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Alabama finds no voter fraud after probe of TV interview

Alabama election officials say they've found nothing improper after investigating a TV interview that raised suspicions of voter fraud in the state's closely watched Senate election.

Posted: Dec. 21, 2017 2:25 PM

MONTGOMERY, Ala. (AP) — Alabama election officials say they've found nothing improper after investigating a TV interview that raised suspicions of voter fraud in the state's closely watched Senate election.

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Democrat Doug Jones defeated Republican Roy Moore on Dec. 12 to become the first Democrat elected to the Senate from Alabama in a quarter-century. Moore was beset by accusations of sexual misconduct involving teenage girls. He has denied the allegations.

During the live, election-night broadcast, a man supporting Jones made a comment that raised some eyebrows.

"We came here all the way from different parts of the country as part of our fellowship," he said. "And, all of us pitched in to vote and canvass together, and we got our boy elected!"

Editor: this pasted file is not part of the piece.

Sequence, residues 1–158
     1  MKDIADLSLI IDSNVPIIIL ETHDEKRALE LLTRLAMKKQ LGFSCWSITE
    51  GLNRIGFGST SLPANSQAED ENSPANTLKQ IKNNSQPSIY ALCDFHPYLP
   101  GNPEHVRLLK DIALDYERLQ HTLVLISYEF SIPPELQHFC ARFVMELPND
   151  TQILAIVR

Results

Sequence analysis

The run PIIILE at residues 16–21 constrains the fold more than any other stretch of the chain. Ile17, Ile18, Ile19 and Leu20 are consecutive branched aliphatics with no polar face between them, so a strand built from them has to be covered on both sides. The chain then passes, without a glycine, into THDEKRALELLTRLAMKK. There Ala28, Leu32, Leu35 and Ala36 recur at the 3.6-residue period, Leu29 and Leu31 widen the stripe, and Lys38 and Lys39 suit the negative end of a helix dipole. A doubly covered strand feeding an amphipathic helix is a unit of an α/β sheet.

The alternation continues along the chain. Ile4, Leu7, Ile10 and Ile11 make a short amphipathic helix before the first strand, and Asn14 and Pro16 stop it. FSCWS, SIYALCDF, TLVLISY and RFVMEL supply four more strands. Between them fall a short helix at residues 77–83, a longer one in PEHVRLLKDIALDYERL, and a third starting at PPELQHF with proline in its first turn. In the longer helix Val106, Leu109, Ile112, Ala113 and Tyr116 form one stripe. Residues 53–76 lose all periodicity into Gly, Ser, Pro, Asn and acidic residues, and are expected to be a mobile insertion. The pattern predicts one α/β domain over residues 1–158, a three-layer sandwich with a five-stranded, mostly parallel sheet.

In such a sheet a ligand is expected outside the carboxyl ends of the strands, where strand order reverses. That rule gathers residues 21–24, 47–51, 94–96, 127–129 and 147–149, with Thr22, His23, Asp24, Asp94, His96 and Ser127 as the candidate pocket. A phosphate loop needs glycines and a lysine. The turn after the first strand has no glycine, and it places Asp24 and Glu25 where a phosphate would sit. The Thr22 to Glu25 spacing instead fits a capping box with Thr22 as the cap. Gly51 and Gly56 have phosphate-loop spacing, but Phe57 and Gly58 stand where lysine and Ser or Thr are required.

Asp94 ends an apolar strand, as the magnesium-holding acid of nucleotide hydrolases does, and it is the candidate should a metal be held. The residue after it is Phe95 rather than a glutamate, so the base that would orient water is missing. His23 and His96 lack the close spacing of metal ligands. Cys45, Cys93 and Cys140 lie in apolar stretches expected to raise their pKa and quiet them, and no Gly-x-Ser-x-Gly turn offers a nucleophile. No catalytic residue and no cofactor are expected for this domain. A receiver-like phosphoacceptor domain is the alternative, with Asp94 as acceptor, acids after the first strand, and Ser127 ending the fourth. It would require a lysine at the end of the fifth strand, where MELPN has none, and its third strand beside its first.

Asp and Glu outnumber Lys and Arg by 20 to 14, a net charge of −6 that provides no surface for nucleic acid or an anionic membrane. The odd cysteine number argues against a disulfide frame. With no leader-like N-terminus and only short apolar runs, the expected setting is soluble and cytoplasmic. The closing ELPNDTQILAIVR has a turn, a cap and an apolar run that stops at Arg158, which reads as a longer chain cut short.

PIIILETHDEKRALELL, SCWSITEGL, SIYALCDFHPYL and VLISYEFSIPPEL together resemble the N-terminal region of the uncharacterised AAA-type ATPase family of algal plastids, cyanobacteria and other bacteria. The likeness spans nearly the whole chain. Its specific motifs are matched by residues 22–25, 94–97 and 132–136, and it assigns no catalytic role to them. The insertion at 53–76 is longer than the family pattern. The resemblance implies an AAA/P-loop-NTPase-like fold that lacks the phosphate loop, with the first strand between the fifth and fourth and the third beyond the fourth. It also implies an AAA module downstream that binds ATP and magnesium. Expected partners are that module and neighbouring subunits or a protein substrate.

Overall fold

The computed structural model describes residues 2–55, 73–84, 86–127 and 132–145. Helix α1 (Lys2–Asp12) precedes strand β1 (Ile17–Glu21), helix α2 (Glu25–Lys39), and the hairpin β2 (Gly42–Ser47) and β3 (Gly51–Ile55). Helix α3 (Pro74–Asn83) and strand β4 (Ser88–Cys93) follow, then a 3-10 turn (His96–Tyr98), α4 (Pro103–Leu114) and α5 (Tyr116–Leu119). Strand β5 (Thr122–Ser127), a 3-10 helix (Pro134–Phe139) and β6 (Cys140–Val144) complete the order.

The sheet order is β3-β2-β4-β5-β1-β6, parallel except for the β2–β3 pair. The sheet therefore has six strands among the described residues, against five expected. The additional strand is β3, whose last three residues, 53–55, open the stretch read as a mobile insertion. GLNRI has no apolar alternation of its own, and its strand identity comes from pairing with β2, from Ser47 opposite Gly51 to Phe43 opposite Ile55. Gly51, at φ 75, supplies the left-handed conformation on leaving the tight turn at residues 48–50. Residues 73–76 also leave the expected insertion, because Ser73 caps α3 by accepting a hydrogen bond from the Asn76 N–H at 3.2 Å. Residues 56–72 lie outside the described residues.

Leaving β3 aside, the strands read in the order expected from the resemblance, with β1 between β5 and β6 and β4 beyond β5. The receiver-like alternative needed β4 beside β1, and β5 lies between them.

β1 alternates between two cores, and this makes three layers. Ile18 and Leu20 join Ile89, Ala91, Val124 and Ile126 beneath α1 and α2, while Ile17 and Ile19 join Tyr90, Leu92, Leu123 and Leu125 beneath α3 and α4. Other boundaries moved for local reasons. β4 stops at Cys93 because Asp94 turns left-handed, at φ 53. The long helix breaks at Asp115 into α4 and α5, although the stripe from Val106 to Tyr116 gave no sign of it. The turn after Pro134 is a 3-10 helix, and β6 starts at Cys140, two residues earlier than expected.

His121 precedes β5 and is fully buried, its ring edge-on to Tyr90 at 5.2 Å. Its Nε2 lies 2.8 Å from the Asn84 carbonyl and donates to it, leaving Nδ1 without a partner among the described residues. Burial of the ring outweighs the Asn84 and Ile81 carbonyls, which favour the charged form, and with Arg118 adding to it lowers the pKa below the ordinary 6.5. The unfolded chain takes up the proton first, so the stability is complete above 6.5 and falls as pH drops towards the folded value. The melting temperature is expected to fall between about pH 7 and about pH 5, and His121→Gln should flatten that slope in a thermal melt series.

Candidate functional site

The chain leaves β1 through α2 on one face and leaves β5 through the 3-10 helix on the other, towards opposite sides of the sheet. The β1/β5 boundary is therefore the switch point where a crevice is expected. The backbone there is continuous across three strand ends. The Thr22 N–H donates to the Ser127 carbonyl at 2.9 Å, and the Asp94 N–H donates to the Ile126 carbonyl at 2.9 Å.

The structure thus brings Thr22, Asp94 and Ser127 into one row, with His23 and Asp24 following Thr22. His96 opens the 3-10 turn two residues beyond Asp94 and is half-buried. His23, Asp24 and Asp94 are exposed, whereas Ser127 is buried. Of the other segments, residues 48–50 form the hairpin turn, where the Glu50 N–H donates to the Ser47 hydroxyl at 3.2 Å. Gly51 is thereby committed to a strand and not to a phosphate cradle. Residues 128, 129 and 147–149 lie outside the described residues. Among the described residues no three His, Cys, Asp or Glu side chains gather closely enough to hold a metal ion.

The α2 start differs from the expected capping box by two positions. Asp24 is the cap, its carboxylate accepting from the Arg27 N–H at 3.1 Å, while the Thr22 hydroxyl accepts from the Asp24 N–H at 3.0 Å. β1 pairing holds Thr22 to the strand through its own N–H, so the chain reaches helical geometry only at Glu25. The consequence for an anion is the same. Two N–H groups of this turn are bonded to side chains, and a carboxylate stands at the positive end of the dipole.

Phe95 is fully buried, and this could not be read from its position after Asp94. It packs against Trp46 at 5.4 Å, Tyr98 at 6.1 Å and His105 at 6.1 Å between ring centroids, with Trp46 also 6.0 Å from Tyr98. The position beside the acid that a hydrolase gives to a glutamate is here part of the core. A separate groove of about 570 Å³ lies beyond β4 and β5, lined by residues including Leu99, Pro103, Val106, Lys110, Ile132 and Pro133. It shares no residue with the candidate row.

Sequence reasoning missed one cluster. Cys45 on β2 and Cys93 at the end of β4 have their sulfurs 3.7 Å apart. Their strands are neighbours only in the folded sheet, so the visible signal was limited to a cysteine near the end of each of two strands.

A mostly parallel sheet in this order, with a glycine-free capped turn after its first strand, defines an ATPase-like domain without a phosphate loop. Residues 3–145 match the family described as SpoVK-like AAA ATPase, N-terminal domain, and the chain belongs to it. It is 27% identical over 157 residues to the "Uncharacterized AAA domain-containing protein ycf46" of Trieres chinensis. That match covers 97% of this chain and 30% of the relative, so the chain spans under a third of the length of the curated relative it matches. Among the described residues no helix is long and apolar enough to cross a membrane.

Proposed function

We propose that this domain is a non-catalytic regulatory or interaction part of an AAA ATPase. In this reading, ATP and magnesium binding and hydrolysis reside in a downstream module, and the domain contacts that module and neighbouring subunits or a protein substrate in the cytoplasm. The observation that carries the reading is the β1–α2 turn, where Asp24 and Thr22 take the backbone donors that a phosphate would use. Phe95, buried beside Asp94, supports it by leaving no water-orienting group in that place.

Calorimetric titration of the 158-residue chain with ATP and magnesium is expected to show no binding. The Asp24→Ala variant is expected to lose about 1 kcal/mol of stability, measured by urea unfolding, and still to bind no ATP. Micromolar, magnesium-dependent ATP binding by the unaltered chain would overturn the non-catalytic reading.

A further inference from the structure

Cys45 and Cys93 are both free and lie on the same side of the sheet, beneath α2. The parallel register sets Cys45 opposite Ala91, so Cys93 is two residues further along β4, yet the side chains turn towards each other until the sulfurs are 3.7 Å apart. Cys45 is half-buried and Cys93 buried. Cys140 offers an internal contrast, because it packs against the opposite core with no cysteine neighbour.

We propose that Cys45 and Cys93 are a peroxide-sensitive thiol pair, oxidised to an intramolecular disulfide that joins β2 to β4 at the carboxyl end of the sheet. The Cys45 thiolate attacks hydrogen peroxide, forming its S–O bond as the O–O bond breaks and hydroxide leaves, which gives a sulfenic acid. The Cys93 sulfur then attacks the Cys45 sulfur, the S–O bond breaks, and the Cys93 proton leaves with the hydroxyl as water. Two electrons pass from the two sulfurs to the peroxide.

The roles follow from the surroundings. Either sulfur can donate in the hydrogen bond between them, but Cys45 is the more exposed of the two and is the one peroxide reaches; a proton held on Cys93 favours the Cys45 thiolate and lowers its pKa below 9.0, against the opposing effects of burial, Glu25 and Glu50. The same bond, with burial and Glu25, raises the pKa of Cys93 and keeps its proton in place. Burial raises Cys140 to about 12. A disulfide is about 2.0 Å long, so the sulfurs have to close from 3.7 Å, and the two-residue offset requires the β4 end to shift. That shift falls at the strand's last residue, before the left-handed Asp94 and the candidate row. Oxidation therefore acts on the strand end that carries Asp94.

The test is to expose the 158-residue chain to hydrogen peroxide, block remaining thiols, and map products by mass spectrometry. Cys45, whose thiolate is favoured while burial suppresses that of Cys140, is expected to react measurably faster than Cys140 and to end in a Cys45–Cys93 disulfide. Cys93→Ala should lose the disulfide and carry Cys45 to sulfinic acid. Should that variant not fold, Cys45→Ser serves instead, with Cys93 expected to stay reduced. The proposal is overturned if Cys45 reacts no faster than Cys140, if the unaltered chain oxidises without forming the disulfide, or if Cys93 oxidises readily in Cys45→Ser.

The comment fueled speculation that out-of-state voters were taking part in Alabama's election.

Alabama Secretary of State John Merrill said Thursday that his office was able to identify the man and determine that he has lived in Alabama for more than a year and is currently a registered voter in the state.

The TV station that initially broadcast his comments did not identify the man. Nor did Merrill.

Moore has sent out emails since the election requesting donations to help investigate what he has called reports of voter fraud and other irregularities at the polls.

In announcing results of the investigation, Merrill described the video clip as "the most controversial issue regarding potential voter fraud" that has been reported to his office in the wake of the election.

Moore has not conceded his 20,000-vote loss to Jones, even though military and provisional vote totals announced this week are not enough for him to close the deficit. Moore had laid some of his hopes on those ballots in a Dec. 15 email to supporters, writing that those were yet to be counted and the election was "too close to call" and "the battle is NOT OVER!"

On Friday, Alabama counties are to submit the tallies for 22,780 write-in votes cast Dec. 12. However, most of those are expected to go to other people, not Jones and Moore.

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